In the 1950s, a medical writer called witch hazel "a powerful astringent when used as distilled water of the leaf or an extract of the bark for the care of the skin and against varicose veins, hemorrhoids, phlebitis, varicose ulcers and also as a hemostatic." Witch hazel’s chemical activity is due at least in part to its tannin content, specifically, to a tannin called hamelotannin, which is said to be constructed out of a combination of gallic acid, hamelose, quercetin, and choline.

There are as many types of tannins as there are days in the year. A number of plants contain tannins, but why they do remains a mystery. Tannins, like many medicinal chemicals found in plants, are said to be secondary metabolites of plant life. More simply put, tannins are waste products that result from the plant’s life processes. English botanist Lucy Cotes disagrees with this theory. She feels that chemicals like tannins are more likely produced by the plant for survival, although we still don’t understand how the plant uses them. In any case, the tannins produced in this tree act on human tissue by causing it to shrink, which is just the ticket when you have hemorrhoids.

H. Zeylstra, a world-renowned herbalist, insists that Hamamelis has the ability to shrink abnormal tissue while leaving normal tissue unchanged. For this reason, he recommends witch hazel for all forms of abnormal tissue growth, be it warts, nasal polyps, or the condition so close to our hearts, hemorrhoids. The continued application of witch hazel to the affected bits will result in the shrinkage of the abnormal tissue. Mr. Zeylstra insists that with witch hazel in the medicine cabinet, there is no reason for anyone to ever reach the point of needing backside surgery. That’s music to the ears of hemorrhoid sufferers.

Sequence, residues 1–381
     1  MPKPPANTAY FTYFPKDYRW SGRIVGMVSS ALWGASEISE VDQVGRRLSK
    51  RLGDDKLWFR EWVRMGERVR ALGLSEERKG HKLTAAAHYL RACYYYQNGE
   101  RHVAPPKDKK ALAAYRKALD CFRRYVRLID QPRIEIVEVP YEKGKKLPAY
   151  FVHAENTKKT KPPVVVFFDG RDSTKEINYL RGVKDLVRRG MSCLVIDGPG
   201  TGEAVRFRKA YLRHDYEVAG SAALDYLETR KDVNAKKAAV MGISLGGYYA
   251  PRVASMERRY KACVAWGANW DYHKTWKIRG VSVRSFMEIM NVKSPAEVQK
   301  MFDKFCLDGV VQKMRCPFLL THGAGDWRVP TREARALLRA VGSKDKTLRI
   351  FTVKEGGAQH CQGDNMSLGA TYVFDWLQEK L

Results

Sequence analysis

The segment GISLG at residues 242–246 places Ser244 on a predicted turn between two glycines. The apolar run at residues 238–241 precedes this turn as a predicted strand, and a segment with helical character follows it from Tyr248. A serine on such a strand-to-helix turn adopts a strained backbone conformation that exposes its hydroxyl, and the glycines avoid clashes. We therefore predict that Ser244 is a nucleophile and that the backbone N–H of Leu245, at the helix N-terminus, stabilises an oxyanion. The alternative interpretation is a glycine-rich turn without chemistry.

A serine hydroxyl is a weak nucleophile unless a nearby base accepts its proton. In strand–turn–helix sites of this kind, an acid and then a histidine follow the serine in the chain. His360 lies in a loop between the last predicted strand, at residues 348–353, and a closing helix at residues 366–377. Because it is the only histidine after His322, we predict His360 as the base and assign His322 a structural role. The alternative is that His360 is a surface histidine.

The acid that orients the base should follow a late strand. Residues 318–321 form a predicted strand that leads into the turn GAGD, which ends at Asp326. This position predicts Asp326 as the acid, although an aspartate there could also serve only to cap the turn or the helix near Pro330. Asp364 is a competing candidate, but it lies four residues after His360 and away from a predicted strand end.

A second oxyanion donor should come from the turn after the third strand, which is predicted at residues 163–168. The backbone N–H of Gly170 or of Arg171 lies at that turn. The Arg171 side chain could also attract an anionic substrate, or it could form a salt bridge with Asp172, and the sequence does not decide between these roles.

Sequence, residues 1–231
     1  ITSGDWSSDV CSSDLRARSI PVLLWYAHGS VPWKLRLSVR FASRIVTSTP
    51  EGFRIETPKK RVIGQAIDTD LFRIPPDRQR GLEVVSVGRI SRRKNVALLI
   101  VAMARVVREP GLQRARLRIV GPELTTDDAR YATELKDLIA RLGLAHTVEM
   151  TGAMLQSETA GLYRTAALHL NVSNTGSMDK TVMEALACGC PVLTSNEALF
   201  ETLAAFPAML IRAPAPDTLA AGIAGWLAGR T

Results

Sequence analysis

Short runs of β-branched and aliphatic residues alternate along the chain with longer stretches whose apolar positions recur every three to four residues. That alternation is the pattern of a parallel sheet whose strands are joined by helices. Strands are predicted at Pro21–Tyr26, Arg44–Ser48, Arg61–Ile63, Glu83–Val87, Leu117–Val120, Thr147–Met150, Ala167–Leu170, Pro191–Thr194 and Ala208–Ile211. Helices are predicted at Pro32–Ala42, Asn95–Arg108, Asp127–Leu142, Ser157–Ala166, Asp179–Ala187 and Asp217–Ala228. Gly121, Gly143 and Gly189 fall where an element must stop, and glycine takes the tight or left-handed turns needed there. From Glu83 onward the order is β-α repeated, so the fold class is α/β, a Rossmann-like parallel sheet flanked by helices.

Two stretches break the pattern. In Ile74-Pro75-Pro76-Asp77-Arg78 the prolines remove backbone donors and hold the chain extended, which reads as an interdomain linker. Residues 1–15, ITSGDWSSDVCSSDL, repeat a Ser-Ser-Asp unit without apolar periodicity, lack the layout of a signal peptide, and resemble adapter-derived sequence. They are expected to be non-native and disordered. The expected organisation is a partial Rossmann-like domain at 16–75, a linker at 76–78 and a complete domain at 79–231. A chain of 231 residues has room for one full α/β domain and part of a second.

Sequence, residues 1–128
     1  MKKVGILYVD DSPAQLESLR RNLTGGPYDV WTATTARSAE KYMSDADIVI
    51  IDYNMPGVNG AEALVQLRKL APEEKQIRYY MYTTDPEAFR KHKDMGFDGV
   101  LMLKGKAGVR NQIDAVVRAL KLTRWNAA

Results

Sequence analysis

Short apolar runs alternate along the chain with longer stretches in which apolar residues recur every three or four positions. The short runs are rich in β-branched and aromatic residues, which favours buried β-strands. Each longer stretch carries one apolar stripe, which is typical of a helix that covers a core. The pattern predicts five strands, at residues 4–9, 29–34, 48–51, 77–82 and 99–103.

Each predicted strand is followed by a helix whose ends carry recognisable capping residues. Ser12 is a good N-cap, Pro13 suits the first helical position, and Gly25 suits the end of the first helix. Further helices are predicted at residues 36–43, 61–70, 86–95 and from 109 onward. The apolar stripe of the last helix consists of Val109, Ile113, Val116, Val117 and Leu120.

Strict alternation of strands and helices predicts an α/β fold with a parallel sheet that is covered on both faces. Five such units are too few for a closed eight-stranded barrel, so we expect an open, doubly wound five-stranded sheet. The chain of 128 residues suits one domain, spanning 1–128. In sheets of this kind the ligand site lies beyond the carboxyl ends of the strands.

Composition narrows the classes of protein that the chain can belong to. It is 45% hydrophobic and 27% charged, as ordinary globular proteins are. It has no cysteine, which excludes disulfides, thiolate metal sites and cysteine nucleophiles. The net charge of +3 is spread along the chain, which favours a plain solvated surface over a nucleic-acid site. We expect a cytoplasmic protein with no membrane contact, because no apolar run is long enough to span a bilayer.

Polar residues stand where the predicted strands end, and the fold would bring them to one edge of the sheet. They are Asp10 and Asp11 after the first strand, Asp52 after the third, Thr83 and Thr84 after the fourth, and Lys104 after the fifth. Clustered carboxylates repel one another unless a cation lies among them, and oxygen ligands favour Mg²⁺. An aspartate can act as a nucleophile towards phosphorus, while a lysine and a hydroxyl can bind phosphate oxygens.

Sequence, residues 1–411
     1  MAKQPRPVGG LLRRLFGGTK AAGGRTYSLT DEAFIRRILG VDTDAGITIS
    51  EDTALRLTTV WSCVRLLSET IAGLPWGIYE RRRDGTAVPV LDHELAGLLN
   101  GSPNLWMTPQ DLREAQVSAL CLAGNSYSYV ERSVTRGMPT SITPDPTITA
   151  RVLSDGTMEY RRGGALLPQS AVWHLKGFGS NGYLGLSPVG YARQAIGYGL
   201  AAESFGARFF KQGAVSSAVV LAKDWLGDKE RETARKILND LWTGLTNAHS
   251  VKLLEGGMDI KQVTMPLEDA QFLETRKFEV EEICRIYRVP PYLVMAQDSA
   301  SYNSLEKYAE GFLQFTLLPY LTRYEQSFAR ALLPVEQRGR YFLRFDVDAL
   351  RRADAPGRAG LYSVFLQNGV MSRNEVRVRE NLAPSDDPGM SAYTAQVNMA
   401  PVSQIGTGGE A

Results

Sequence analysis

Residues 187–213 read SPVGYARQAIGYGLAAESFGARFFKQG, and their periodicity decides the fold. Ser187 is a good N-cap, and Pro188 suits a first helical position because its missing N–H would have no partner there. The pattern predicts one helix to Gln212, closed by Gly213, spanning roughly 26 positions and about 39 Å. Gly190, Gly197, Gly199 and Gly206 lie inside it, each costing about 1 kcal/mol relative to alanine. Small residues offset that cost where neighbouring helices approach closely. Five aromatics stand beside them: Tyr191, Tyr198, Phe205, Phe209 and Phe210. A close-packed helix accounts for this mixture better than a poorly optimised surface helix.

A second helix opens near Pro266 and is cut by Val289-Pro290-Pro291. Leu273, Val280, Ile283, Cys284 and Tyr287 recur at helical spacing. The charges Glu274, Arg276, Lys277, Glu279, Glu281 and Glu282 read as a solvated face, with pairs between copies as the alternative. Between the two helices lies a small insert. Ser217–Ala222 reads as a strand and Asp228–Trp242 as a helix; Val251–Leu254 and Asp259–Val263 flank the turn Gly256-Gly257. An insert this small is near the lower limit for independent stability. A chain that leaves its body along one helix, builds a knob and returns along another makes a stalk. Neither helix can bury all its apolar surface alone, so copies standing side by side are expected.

As to using witch hazel for your own secret condition, the object is to bring the hemorrhoid into contact with the plant. Not to worry, though. You don’t have to take your behind out to the woods and sit on a tree; the part we use medicinally is either the leaf or the bark. There are two different strategies for the fateful meeting. For internal hemorrhoids, you need to make suppositories and insert them into the operative aperture. For external hemorrhoids, you can either sit in a bowl filled with a decoction of witch hazel or you can apply a cream directly on the site.

Chronic constipation sufferers need to take care of that particular problem if they want to get rid of their hemorrhoids, the last thing you want to do is add any strain to an already strained area. Most herbalists recommend that people with hemorrhoids take a fiber supplement to make certain that their stools are soft and easy to move. The best fiber supplements are made of the seed of the Plantago psyllium. The psyllium seed, as the pharmacist knows it, swells when added with water, and when nicely placed in the gut it becomes a viscous mass. The resulting slime is indigestible, and as it passes through the intestines and out of the body, it brings lots of other things with it, hence, an effortless bowel movement.

If you like to work out at the gym, skip any weight lifting that requires straining when your hemorrhoids are active. Chances are that if you have a case of the piles, you won’t feel like weight lifting anyway, but you need to remember that you want to put as little pressure as possible on that part of the body.


For external hemorrhoids:

Ointment: Mix one teaspoon tincture with one teaspoon cocoa butter. Apply at least four times per day.

For internal hemorrhoids:

Suppository: Mix one teaspoon tincture with one teaspoon cocoa butter. Form mixture into a suppository shape and place it in the freezer. When the suppository is solid, insert it in the anus. Do this three times per day.


PACKAGE WITH 500g leafs